Reacting to the news from France that a compulsory set of secular principles is to be taught at every state school, DHI chairman Luca Volontè stated; “Even 224 years after their violent revolution, it seems that the French government will not be content until it has sought out and eradicated every alternative of thought to its own, state-sanctioned affirmation of secular faith in an atheist republic. Under these new ‘commandments’, parents and pupils of religious faith will not be permitted to debate, question, or disassociate themselves from the compulsory assertion of these secular principles. All authority over a child’s education and future has been seized from the parent and placed in the sole reserve of the State. This move marks the latest sinister step towards the overtly totalitarian goal of making the government the ‘parent of last resort’ of all French children.”
At the same time that French schools are being told to remove religious symbols from prominent display, the fifteen Articles that compose the secular charter are now required to be given pride of place in every classroom. The introduction of these ‘principles of enlightenment’ and the compulsory lessons that will accompany them, have been welcomed by French secularists, though some believe the proselytisation of schools does not go far enough; original proposals from the ‘High Council of Integration’ recommended employing dedicated teachers of secularism – a political commissary role first used in France during the Revolution to forcibly subjugate anyone who opposed the Republican uprising.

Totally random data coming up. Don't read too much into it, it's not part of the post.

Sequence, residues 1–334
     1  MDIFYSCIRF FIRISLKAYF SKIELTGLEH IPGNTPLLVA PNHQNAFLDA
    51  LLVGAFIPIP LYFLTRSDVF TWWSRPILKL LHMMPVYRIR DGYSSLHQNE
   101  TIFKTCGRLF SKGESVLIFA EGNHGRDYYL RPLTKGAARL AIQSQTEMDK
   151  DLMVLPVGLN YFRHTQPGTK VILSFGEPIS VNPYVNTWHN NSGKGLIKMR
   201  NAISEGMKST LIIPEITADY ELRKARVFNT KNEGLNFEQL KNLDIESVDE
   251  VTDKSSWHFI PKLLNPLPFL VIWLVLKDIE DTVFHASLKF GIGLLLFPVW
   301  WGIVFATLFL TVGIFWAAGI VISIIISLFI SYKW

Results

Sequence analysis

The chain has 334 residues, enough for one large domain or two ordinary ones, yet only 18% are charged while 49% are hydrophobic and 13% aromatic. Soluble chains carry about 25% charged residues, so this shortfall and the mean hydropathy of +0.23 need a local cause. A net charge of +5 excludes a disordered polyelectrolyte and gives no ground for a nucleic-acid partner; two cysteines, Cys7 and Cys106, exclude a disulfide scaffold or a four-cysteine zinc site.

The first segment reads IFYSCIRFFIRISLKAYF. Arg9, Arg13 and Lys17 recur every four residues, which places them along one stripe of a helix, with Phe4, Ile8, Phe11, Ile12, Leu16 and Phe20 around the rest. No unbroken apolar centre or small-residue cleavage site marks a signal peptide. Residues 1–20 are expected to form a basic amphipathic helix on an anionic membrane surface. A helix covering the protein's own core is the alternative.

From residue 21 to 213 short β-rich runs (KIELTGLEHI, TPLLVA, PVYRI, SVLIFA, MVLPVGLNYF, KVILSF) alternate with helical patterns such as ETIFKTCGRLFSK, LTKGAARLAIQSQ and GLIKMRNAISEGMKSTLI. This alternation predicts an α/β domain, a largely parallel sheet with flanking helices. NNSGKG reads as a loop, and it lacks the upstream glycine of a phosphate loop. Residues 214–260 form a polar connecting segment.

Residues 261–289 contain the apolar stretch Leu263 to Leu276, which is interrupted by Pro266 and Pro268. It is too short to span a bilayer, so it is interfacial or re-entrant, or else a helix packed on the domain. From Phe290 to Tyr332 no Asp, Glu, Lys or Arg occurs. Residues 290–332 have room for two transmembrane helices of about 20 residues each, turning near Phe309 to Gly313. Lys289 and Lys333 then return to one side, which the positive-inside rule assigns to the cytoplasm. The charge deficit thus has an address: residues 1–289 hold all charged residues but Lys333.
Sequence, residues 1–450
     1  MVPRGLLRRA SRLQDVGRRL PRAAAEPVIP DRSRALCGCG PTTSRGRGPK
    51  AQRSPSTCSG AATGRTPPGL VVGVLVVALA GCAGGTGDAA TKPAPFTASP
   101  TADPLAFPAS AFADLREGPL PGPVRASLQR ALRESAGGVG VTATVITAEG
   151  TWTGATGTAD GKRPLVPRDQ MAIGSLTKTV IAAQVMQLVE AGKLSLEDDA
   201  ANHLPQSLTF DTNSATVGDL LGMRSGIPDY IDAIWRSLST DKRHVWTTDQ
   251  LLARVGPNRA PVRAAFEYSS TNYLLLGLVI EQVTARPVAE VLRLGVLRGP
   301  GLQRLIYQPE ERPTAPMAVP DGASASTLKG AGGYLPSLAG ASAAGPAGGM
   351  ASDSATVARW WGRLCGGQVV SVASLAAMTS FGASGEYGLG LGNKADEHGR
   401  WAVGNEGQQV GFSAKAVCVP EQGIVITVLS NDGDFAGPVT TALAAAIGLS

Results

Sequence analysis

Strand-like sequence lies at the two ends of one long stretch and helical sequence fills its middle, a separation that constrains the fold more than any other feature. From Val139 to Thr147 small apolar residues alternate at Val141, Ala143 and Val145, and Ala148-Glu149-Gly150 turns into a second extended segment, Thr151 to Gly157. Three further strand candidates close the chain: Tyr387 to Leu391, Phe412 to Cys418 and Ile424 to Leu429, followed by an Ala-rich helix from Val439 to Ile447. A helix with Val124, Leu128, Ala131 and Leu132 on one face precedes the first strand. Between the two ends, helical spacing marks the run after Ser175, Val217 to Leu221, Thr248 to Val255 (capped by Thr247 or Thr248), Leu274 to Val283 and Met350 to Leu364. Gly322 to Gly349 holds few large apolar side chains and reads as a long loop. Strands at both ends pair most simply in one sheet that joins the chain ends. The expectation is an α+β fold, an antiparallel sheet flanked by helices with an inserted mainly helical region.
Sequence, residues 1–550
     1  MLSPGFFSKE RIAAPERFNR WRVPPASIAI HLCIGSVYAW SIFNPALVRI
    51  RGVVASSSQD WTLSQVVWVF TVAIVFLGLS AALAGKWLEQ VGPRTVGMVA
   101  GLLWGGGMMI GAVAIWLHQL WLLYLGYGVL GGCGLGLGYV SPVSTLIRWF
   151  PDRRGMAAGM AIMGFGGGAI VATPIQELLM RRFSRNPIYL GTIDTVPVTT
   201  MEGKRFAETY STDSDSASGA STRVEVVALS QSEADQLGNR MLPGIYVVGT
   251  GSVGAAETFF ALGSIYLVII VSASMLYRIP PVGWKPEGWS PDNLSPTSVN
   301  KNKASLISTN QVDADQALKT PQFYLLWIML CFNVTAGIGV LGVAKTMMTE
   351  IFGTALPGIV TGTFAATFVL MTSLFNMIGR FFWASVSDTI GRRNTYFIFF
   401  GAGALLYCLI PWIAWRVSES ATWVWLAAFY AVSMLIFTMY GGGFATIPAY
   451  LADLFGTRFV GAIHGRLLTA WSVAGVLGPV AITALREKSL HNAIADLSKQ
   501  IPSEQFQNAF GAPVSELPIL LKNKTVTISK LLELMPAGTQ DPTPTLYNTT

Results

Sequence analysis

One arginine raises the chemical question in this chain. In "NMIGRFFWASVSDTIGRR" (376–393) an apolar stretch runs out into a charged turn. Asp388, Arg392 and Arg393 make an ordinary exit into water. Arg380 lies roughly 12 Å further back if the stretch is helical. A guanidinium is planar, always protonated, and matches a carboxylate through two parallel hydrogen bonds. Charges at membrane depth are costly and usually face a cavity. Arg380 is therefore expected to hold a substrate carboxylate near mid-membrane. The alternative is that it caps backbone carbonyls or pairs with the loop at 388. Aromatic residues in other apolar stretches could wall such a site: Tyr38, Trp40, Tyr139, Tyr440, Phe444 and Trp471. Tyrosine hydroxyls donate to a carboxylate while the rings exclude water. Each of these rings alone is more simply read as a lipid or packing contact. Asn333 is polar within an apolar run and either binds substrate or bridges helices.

In apparent contravention of the otherwise commonly accepted rights of freedom of thought, conscience and religion, children will not only be forced to attend teachings of secularism, but will be restrained from debating or questioning the principles themselves, as the charter states: “No student can invoke their political or religious convictions, in order to dispute a teacher’s right to address a question on the syllabus.”
Warning of the wider effects on French society, Mr Volontè commented; “If students are repeatedly taught that other people’s faith counts for nothing at school, they are going to grow up thinking by extension that religion has no part to play in society, and those who practice a faith have no role or intrinsic worth. Instead of cultivating an understanding of the diverse nature of French society, of the communities around them, children are being encouraged to reject anything that is not explicitly sanctioned by secularist teaching. France itself has historically seen what division and hatred such aggressively secular republics create, and it is deeply depressing to see a nation built on the expressed desire for liberty continue down this authoritarian path.”